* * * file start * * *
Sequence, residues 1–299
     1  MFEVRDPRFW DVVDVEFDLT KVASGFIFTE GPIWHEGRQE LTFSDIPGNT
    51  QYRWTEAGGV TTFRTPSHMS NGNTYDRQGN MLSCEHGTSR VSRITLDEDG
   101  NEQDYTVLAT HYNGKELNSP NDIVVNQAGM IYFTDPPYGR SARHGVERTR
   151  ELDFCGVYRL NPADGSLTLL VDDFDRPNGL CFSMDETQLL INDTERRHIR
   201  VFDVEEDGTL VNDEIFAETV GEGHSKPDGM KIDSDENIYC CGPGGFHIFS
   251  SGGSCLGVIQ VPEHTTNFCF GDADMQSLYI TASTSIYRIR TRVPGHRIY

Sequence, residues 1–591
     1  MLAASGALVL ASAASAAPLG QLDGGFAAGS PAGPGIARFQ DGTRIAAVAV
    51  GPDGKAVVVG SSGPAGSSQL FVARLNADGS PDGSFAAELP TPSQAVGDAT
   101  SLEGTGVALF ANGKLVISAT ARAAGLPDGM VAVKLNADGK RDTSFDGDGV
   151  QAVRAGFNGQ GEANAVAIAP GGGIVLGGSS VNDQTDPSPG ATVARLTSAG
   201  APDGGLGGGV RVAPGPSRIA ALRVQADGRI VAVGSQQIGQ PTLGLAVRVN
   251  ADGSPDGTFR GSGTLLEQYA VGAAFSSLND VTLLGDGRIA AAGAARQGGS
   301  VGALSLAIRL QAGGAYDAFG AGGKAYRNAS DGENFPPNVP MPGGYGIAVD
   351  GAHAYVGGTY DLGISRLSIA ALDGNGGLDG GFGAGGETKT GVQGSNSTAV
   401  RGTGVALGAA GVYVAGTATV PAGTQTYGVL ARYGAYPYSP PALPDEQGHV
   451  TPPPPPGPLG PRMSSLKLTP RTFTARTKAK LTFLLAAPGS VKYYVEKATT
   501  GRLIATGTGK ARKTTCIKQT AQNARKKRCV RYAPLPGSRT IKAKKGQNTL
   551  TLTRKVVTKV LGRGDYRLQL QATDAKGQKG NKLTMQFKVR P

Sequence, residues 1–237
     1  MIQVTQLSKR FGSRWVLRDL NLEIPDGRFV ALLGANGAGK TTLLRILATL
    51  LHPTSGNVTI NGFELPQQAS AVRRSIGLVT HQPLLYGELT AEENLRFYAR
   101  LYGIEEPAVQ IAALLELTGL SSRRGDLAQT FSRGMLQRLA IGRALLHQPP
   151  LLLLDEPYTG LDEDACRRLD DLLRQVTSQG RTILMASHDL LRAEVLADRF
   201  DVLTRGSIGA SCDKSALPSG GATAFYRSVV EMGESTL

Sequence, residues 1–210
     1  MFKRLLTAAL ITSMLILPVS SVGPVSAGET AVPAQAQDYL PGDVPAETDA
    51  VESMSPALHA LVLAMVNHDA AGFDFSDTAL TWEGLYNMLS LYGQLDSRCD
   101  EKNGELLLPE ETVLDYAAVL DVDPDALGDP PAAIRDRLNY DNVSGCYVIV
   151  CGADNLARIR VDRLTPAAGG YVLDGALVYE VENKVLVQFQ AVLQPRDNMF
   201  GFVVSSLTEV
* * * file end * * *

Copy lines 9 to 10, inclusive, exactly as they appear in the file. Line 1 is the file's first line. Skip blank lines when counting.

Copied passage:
     1  MLAASGALVL ASAASAAPLG QLDGGFAAGS PAGPGIARFQ DGTRIAAVAV
    51  GPDGKAVVVG SSGPAGSSQL FVARLNADGS PDGSFAAELP TPSQAVGDAT